If you ever get stuck in a long grocery store line with a New Orleanian, you’ll end up hearing what they’re late for, why they needed that extra pound of butter and whether they prefer Rouses to Winn-Dixie (or the other way around) before you’ve even loaded your own items onto the conveyor belt.
This chronic over-sharing is one of my favorite things about this city — and it probably goes a long way in explaining how my family communicates. (We have at least four different versions of a family text message going at any given time.) And, it turns out, we never lose the urge to keep talking.
After publishing a story last week about a couple researchers who are investigating why and how the accent we most associate with New Orleans — Yat — is disappearing, I got a phone call from a Gentilly native, who found it particularly disheartening. The man now lives in a small town outside Houston, where he moved a few years ago after rising housing costs here came at the same time his step-daughter attended school in Texas.
“I’m from New Orleans, went to grammar school, junior high in Gentilly, and moved to Biloxi then came back to New Orleans to work for Shell,” Schultz said, starting in on a 90-second or so voicemail, during which I learned how proud he is of his Yat accent which persists even through a speech impediment. I also learned he’s teaching his great grand-daughter to say “Where y’at?’ and that he jokes around with his local grocery story attendants about how he’s “making groceries.”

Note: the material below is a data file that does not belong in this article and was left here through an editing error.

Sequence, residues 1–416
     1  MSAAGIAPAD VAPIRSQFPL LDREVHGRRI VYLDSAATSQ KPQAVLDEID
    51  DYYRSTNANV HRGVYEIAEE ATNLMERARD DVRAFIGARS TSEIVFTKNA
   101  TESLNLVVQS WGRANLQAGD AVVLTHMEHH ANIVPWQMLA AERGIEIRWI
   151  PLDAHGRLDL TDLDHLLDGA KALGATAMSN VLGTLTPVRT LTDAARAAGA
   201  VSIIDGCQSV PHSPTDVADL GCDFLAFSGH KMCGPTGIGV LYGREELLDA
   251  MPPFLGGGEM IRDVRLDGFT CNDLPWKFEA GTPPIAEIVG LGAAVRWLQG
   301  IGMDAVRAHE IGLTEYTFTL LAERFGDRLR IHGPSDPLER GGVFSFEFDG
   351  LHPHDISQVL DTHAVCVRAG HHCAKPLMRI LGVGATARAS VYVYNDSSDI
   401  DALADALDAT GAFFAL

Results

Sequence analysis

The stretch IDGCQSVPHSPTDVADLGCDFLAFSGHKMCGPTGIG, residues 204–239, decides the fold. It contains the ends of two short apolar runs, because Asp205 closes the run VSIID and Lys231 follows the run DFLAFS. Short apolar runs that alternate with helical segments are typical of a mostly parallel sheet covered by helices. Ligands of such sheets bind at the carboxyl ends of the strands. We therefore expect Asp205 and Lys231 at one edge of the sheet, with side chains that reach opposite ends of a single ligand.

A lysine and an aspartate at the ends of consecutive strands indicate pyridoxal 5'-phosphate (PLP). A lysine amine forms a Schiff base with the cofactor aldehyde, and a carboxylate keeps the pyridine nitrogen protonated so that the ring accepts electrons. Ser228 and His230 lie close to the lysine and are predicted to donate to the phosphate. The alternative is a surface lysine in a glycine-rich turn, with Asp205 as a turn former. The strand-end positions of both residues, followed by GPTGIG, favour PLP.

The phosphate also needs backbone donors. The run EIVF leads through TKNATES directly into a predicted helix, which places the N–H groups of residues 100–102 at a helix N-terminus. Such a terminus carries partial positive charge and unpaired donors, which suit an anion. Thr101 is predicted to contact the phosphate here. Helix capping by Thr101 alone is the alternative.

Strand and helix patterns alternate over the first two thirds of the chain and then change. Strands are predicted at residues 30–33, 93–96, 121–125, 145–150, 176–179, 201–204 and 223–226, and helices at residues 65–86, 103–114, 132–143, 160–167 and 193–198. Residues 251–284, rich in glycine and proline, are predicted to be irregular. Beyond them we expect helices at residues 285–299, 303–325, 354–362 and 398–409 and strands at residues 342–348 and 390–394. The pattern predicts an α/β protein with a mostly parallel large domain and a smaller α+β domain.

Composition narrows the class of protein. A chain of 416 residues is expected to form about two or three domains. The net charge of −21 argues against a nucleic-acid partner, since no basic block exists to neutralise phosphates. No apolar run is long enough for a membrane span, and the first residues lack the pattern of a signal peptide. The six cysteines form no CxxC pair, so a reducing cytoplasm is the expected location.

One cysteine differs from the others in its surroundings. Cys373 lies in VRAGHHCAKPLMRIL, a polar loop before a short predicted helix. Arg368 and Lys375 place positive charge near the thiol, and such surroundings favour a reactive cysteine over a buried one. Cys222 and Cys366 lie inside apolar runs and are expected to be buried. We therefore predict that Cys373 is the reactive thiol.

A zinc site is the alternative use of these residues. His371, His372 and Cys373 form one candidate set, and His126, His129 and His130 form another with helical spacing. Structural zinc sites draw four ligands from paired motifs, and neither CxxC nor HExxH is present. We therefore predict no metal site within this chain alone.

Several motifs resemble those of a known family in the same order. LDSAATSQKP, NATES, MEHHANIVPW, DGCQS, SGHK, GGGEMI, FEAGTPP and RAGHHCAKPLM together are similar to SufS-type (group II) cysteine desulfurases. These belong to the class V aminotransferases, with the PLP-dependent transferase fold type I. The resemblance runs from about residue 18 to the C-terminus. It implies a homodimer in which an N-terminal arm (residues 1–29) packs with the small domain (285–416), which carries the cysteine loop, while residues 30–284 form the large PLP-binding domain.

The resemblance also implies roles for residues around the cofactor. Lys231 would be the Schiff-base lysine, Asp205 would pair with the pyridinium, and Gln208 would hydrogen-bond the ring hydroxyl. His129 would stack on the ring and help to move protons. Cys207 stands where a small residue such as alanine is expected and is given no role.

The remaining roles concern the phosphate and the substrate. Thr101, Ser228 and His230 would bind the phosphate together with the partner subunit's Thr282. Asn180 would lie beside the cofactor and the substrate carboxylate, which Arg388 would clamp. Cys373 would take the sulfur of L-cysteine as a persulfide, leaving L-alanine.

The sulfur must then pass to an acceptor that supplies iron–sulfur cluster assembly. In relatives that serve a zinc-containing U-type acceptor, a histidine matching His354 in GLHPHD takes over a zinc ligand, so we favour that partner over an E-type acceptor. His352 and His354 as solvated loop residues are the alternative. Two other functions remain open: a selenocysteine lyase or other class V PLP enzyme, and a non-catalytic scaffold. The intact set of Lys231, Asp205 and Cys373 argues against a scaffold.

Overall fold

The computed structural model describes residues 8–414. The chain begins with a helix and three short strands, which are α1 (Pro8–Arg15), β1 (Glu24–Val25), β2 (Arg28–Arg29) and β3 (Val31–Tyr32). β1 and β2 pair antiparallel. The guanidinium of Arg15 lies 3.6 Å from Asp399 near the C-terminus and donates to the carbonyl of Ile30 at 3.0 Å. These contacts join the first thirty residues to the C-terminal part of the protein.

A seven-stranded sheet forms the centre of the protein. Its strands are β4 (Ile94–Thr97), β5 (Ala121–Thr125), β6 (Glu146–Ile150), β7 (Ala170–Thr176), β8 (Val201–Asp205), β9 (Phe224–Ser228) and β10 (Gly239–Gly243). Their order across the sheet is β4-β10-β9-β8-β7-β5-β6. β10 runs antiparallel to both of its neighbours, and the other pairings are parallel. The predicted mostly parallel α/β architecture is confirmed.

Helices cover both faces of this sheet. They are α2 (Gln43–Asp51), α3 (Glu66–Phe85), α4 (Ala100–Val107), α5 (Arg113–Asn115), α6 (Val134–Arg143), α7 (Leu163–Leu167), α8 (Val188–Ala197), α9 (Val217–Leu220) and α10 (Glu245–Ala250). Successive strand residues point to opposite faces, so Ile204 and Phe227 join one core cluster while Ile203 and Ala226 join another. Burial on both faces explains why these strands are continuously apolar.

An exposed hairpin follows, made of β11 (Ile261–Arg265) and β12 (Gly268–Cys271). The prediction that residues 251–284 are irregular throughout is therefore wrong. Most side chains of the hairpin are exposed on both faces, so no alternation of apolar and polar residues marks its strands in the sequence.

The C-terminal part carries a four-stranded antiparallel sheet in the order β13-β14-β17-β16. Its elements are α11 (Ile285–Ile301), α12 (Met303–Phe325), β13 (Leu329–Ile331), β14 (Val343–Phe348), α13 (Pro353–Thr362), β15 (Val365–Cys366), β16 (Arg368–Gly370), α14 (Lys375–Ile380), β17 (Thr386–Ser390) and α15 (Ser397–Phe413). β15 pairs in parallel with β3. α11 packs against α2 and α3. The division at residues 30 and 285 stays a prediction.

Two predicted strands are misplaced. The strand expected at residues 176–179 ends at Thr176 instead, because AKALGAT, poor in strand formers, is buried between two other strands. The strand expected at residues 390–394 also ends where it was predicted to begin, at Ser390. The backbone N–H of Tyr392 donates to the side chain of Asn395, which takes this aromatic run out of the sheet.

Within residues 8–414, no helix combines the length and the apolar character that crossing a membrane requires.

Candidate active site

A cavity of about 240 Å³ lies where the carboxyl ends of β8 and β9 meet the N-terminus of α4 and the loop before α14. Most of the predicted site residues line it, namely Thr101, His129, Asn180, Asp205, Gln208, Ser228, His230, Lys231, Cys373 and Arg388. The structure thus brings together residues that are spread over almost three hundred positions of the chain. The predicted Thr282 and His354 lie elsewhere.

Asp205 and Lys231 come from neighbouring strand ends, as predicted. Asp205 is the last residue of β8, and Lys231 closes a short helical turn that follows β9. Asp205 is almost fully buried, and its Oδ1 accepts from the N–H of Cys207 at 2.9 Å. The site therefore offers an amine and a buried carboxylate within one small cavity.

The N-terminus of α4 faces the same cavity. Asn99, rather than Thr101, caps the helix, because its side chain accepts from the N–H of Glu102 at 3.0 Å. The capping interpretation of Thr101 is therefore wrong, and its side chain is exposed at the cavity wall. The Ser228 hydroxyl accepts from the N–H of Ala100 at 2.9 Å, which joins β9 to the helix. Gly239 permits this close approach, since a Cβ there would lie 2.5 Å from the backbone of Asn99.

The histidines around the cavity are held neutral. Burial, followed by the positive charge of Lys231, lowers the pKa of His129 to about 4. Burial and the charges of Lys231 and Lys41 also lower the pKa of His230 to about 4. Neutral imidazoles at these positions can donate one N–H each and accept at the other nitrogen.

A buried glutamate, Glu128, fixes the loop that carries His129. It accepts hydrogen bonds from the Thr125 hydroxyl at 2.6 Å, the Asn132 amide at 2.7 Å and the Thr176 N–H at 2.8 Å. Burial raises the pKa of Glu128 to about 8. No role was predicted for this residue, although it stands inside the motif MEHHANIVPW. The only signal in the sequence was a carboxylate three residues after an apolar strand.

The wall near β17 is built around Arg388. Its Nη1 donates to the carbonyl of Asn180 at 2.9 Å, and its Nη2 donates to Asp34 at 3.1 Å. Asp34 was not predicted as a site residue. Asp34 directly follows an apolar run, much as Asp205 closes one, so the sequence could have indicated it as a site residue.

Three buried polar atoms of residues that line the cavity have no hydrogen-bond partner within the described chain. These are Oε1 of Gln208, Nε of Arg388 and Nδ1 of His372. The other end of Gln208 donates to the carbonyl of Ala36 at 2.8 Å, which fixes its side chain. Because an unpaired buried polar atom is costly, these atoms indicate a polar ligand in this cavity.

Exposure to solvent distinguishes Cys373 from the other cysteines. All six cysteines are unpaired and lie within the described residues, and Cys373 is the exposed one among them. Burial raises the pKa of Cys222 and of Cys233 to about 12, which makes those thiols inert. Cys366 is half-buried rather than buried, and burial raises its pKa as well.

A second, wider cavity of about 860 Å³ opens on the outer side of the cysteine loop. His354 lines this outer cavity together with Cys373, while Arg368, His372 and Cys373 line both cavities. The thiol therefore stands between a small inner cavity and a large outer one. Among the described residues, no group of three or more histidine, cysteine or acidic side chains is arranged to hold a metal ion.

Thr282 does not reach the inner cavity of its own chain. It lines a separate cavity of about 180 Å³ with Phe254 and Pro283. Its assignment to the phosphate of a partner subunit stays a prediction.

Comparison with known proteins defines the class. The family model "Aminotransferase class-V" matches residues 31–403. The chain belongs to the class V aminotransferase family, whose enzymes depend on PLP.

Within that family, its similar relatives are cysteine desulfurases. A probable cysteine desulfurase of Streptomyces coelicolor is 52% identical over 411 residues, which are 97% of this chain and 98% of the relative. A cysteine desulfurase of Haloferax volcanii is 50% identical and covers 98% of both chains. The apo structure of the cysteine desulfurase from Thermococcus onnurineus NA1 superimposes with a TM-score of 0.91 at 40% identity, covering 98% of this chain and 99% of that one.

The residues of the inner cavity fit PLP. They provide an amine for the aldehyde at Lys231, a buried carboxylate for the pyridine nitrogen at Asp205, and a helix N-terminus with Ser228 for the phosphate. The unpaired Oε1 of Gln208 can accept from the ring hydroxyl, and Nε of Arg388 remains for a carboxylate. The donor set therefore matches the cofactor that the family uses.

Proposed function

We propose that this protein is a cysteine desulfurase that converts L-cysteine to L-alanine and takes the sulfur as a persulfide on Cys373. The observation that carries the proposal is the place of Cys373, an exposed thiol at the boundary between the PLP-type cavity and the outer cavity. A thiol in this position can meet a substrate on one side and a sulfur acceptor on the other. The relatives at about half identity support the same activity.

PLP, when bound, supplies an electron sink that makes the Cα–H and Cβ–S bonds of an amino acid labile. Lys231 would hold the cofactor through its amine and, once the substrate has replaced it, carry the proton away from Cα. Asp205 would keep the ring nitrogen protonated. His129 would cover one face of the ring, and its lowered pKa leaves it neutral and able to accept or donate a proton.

“Have a good night, dawlin,” he said, in closing.
I called him back and we talked for nearly 12 minutes before I had to interrupt him.
“I’m sorry,” I said. “But what’s your name?”
His name is Howard Schultz, and he’s just a guy who loves New Orleans. He loves getting to say he’s from this city, and he loves all his memories of growing up here.
He wanted me to know he remembers the sound a frog would make at Schwegmann’s, when he would pick out a live one and the attendants would butcher it while he finished shopping. He talked about the Hub Hobby Shop before it moved out to Airline Highway, where on one visit as a child, the shopkeeper gave him his money back for a broken racecar part so he could take the bus home to Gentilly. He said he won’t eat any snowball that doesn’t come out of a machine from New Orleans. He loves listening to the oldies on WTIX, and he’s glad his daughter had a chance to see Pontchartrain Beach, now that it ain’t dere no more.
Schultz, who was a geological draughtsman for Shell, was one of the first people to clock in at One Shell Square. He also once moonlighted as a cemetery tour guide at St. Louis No. 1.
“That’s where they filmed ‘Easy Rider,'” he said.
Now Schultz, who turns 71 next month, said he’s got a lot of time on his hands between his morning swims, so he’s turned to making train tables for a hobby. Some of the expansive tables, he said, are recreations of local New Orleans scenes.
Eventually, our conversation slows, but though Schultz tells me he “could keep on talking,” he makes just one last statement:
“I’m proud to say I’m from New Awlinz,” he said. “Have a great day, baby.”